Authority and Desire: Crises of Interpretation in Shakespeare and Racine

Authority and Desire: Crises of Interpretation in Shakespeare and Racine

by Andrew Hiscock
     
 

Authority and Desire focuses on the complexity of political discourse in a selection of Shakespeare's Jacobean dramas and Racine's tragedies. Particular attention is paid to the relations dramatised between the transforming communities of the governing and the governed in these plays. This wide-ranging study reveals how the formulation of such relations is

Overview

Authority and Desire focuses on the complexity of political discourse in a selection of Shakespeare's Jacobean dramas and Racine's tragedies. Particular attention is paid to the relations dramatised between the transforming communities of the governing and the governed in these plays. This wide-ranging study reveals how the formulation of such relations is profoundly involved with the cultural theorising of authority (linked to the legitimising forces of caste, kinship, gender expectation, sanctification and so on), and with the politics of human desire stimulated by the cultural spectacles of power assertion.

Editorial Reviews

Booknews
Hiscock (English, Trinity College, Carmarthen) focuses on the complexity of political discourse in a selection of Shakespeare's Jacobean dramas and Racine's tragedies, with a focus on the plays' dramatic representations of the relations between the governing and the governed. The author asserts that the formulation of such relations in involved with the cultural theorizing of authority and with the politics of human desire stimulated by the cultural spectacles of power assertion. Annotation c. by Book News, Inc., Portland, Or.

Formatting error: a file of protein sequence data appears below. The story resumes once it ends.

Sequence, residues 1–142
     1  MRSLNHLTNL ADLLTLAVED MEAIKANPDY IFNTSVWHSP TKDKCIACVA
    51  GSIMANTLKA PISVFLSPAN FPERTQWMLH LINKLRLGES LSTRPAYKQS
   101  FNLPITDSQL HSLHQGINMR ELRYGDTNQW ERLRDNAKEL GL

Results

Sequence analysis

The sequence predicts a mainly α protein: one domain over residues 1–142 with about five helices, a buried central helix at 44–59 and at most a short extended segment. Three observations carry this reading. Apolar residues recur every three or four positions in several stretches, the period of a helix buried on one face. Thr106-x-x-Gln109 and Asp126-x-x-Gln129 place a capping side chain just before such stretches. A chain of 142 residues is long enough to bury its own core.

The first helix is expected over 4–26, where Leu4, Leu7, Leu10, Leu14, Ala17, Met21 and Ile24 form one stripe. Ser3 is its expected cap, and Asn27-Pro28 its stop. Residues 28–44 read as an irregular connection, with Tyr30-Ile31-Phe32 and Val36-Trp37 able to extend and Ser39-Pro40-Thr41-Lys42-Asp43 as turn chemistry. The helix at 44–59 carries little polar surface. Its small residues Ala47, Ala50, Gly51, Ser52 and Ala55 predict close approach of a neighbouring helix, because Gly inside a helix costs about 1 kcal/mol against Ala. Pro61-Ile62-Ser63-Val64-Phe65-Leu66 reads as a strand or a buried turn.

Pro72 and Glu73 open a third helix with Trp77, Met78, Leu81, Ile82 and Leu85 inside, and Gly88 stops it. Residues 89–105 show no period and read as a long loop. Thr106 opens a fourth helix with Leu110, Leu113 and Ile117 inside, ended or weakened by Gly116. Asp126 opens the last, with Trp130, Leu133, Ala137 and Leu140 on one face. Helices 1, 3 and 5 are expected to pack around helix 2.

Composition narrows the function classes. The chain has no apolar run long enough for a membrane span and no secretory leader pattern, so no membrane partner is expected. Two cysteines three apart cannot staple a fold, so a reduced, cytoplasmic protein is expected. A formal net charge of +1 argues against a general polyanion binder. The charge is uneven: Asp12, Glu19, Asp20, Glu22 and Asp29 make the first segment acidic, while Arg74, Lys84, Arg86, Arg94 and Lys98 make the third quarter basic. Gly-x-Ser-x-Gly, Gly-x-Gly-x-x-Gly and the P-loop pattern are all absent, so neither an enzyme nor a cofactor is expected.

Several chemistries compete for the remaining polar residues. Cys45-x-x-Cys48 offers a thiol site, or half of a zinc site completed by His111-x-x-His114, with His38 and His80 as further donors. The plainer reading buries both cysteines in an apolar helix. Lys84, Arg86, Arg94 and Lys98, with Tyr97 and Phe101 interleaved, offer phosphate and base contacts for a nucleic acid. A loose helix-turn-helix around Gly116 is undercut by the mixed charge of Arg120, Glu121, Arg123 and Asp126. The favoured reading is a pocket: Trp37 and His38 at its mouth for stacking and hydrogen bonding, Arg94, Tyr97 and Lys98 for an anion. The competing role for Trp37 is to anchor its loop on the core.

Product Details

ISBN-13:
9780820428789
Publisher:
Lang, Peter Publishing, Incorporated
Publication date:
05/01/1996
Series:
Studies in Shakespeare Series , #4
Pages:
318

Meet the Author

The Author: Andrew Hiscock is a lecturer in English at Trinity College, Carmarthen. He received his Ph.D. in English and French from the University of Bristol. He has forthcoming articles on Jonson and Shakespeare and is currently preparing a study of imperialist motifs in Early Modern drama.

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